Breaking the glass ceiling in economics
There is a disequilibrium deep inside the economics profession. Consider this: Elinor Ostrom is the only woman to have won the economics Nobel prize since it was instituted in 1969. As many as 78 men have won the prize. The skew is only one example of a problem that has profound implications for society as a whole.
Anna Schwartz, who jointly wrote the monumental A Monetary History Of The United States with Milton Friedman, did not share the Nobel with him. Joan Robinson missed the prize despite offering a powerful challenge to mainstream economics, though this was perhaps as much to do with her politics as her gender. Friedman considered her a worthy candidate. Such is the dismal state of the dismal science.
Amanda Bayer and C.E. Rouse, in their paper Diversity In The Economics Profession: A New Attack On An Old Problem, find that of 500 economics doctorates awarded in the US in 2014, only 157 were earned by women.
The problem isn’t limited to public recognition. Ann Mari May, Mary G. McGarvey and Robert Whaples found in a 2013 paper that their survey of 143 doctorate-holding members of the American Economic Association showed women economists more likely than their male counterparts to agree with the need for a more equitable distribution of income and linking import openness to labour standards. They were also more likely to disagree that the US government has unnecessary control over economic activity and that men and women have equal opportunities. With the help of experiments involving dictator games where a group of 164 undergraduate students were asked to divide a sum of money between themselves and the American Red Cross, Linda Kamas, Anne Preston and Sandy Baum find in their paper, Altruism In Individual And Joint-Giving Decisions: What’s Gender Got To Do With It?, that women tend to give more money than men. Therefore, an underrepresentation of women in economics—and the policy world—has profound implications for all of us.
The question is why economics as a discipline is not very accommodative of women, if one goes beyond the crude explanation that men have a biological advantage in mathematics. Various studies have shown that economics has a persistent gender gap in promotion and salaries that cannot be explained by productivity differences. This problem of sexism is a threefold barbed-wire mesh keeping women from a level playing field with men.
First is the problem of opportunity. Erin Hengel, in her paper Publishing While Female, finds that the review process for papers submitted by women to Econometrica, a leading journal, takes six months longer than men’s despite controlling for childbirth and motherhood, factors that take away time from writing.
Second is the problem of sustenance. Claudia Goldin, in her Gender And The Undergraduate Economics Major paper, uses data from Britain and the US to find that women dominate the undergraduate population. But, in the US, there are 2.9 men for every woman majoring in economics; 2.6 in Britain. The share of women choosing economics is falling. Women who earn a graduate degree in economics go into PhD programmes at the same rate as men and drop out at the same rate. But when they go on to seek tenure, they’re either pulled aside or pushed away; women have to face thicker glass ceilings.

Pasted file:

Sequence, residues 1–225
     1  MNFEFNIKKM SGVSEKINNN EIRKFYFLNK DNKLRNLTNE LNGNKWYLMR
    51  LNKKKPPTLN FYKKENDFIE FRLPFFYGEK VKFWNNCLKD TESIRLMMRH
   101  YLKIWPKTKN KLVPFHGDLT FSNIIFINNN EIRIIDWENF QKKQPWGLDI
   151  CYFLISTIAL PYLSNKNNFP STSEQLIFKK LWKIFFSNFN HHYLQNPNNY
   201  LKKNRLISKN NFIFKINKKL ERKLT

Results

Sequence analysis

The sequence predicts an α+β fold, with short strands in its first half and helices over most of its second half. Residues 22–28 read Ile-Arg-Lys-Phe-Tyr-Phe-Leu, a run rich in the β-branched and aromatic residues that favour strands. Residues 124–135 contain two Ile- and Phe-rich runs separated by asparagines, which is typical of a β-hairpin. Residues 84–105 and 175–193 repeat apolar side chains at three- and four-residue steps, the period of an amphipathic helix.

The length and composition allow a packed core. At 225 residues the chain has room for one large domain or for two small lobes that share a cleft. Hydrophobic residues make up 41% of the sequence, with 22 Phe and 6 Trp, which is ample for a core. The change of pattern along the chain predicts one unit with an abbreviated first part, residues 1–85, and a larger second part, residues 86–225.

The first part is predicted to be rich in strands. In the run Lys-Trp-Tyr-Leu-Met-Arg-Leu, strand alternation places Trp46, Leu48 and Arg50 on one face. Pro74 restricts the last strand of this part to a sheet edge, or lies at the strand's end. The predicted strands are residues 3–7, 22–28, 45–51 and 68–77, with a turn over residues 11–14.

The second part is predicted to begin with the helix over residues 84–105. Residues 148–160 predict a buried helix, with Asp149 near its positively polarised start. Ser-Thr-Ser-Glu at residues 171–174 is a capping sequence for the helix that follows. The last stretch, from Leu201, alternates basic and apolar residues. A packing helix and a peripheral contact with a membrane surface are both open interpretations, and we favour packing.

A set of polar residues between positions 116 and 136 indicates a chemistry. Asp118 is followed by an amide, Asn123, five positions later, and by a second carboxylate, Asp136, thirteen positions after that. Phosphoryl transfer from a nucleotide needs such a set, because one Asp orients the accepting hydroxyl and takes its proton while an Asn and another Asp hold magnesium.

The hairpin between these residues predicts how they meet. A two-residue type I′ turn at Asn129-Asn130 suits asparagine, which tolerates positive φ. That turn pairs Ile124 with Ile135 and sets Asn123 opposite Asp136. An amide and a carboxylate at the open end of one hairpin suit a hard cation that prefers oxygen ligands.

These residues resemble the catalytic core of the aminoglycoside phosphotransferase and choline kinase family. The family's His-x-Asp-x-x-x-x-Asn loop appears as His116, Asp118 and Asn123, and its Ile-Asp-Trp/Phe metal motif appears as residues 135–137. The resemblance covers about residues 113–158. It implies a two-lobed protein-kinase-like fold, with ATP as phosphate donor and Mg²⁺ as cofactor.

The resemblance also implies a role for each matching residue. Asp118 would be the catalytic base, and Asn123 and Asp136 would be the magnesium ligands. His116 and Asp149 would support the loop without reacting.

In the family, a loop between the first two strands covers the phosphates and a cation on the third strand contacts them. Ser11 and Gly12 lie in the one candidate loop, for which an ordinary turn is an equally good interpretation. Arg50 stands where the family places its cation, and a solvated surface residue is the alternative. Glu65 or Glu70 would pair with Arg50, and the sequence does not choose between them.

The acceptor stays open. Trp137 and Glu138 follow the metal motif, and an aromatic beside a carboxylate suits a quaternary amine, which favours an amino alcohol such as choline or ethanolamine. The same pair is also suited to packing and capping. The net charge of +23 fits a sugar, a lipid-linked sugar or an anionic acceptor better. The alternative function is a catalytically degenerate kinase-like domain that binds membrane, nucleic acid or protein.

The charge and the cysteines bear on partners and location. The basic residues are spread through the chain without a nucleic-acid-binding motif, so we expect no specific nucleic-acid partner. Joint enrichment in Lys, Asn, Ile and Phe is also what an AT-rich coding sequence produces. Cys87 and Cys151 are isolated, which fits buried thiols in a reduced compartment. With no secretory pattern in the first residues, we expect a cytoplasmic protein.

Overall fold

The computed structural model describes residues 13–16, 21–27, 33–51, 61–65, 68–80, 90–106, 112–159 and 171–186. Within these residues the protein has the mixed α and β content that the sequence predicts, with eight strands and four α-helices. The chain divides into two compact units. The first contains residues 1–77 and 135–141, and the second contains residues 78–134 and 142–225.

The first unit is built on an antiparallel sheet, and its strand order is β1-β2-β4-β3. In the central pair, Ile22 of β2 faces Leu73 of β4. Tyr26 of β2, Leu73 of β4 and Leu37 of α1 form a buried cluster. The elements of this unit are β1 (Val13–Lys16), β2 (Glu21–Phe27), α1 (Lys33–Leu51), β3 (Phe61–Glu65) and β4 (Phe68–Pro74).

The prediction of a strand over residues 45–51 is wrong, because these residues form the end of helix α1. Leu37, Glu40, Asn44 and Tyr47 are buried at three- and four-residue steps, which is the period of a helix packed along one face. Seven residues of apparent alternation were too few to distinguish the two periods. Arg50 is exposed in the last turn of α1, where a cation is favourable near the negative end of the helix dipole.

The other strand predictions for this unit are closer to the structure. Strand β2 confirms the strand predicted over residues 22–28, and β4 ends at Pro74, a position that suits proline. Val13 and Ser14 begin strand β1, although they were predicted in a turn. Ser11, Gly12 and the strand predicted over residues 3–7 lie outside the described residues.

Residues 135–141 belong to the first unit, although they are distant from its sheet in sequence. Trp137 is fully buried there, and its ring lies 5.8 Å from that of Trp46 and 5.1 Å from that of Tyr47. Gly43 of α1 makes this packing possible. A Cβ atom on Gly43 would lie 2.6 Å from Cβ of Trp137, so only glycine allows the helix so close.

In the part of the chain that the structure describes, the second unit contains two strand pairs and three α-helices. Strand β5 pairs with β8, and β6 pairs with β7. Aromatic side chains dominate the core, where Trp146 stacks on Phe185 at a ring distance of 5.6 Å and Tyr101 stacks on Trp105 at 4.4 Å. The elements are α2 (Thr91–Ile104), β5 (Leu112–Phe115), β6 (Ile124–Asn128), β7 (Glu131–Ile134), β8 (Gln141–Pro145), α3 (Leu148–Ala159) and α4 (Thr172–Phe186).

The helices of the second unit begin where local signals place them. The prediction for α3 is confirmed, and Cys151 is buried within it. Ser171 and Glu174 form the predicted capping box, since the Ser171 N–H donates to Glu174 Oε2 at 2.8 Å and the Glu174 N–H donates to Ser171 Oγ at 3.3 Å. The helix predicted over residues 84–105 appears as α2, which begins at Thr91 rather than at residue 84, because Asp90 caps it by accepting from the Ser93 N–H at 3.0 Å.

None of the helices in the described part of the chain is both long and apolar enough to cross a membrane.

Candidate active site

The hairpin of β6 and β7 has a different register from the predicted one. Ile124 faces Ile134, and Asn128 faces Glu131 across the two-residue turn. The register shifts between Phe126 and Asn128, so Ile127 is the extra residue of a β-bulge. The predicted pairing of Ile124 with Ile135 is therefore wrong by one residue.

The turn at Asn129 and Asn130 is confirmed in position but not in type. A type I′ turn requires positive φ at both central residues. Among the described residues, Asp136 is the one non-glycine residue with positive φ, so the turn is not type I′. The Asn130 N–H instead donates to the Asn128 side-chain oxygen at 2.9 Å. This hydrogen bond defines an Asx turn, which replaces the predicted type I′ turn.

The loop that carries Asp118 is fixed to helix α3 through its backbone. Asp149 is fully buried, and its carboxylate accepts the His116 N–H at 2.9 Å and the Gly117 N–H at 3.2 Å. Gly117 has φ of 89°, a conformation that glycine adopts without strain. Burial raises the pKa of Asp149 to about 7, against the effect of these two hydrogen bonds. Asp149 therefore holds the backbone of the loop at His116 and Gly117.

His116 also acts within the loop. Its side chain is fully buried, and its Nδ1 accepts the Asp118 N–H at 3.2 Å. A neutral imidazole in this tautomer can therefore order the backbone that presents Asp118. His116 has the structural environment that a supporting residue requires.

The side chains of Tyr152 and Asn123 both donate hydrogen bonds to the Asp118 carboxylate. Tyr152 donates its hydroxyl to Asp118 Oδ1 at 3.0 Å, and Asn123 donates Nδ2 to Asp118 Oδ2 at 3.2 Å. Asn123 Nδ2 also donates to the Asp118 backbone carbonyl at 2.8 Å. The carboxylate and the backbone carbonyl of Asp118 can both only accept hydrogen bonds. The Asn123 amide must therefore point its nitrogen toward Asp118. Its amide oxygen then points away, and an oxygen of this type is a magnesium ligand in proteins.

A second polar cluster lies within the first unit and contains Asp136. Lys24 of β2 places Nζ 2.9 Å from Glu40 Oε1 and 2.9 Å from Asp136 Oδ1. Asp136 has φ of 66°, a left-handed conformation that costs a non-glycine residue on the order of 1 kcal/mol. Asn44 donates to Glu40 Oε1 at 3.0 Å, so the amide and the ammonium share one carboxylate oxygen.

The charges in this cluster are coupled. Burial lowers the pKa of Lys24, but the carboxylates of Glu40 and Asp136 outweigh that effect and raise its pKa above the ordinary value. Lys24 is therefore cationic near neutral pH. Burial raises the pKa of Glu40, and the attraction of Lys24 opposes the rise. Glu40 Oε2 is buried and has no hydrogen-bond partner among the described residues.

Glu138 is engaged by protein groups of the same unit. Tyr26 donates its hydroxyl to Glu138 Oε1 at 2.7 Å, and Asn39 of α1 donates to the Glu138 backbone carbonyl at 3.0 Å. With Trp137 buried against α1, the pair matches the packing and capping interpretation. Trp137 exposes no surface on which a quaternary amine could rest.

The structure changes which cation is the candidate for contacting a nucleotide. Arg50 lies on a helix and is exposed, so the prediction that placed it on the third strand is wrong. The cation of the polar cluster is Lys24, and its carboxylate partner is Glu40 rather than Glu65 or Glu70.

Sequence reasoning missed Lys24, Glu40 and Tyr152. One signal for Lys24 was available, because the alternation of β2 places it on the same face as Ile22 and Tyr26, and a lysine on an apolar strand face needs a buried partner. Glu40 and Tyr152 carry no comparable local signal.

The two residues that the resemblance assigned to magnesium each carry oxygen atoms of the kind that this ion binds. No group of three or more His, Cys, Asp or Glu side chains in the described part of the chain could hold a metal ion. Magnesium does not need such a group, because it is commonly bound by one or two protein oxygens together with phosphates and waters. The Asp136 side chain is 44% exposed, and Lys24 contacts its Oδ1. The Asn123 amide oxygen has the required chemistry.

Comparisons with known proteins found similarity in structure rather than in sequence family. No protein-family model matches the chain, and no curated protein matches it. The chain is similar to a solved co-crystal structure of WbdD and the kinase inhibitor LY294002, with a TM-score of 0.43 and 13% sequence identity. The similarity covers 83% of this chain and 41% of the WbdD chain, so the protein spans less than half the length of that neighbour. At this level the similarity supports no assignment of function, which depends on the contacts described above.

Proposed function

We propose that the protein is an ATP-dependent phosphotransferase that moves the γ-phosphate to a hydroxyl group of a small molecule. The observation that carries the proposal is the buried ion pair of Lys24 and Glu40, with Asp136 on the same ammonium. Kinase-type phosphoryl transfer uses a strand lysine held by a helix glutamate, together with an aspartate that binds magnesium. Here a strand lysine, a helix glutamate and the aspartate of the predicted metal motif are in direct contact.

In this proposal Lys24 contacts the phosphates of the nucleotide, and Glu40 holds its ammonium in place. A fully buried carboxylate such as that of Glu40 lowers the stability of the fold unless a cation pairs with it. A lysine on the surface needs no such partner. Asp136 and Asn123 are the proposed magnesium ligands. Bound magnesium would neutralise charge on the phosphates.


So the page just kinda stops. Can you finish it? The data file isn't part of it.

Third is the problem of representation. According to an article in The Economist (goo.gl/yKhAZH), the faculty of the economics department at Harvard boasts of 43 senior economists, and only three are women. Moreover, women spend their maternity leaves in childcare at crucial stages in their careers, whereas men use the sabbatical/parental leave to work on their research, undistracted. This leads to gaps in professional progress and wages over lifetimes that discourage women from taking up technical courses like economics and steer them towards more gender-sensitive sectors, which may be termed “unconscious prejudices”. Women are considered good fits only for stereotypical gender-sensitive areas, for example education and health.
Most of the work done on the discrimination against women in economics has been done in the developed countries. It is also important to turn the spotlight on India. There is no data as yet to come to any firm conclusions about institutionalized discrimination, but one good way to begin is by ensuring that some stellar Indian women economists get more recognition for their contributions to our understanding of theoretical economics as well as Indian realities—Krishna Bharadwaj, Isher Judge Ahluwalia, Devaki Jain, Jayati Ghosh, Utsa Patnaik and Indira Rajaraman, for instance. Few know that Padma Desai—whom Paul Samuelson described as an economists’ economist—jointly wrote the landmark 1969 study with Jagdish Bhagwati that was one of the first intellectual assaults on industrial licensing. Among the later generation of women economists are, for example, Gita Gopinath, Rohini Pande, Shamika Ravi, Ashima Goyal, Reetika Khera and Bina Agarwal. India needs more such women economists in academia and policy institutions.
Do women economists in India face institutional barriers? Tell us at email@example.com
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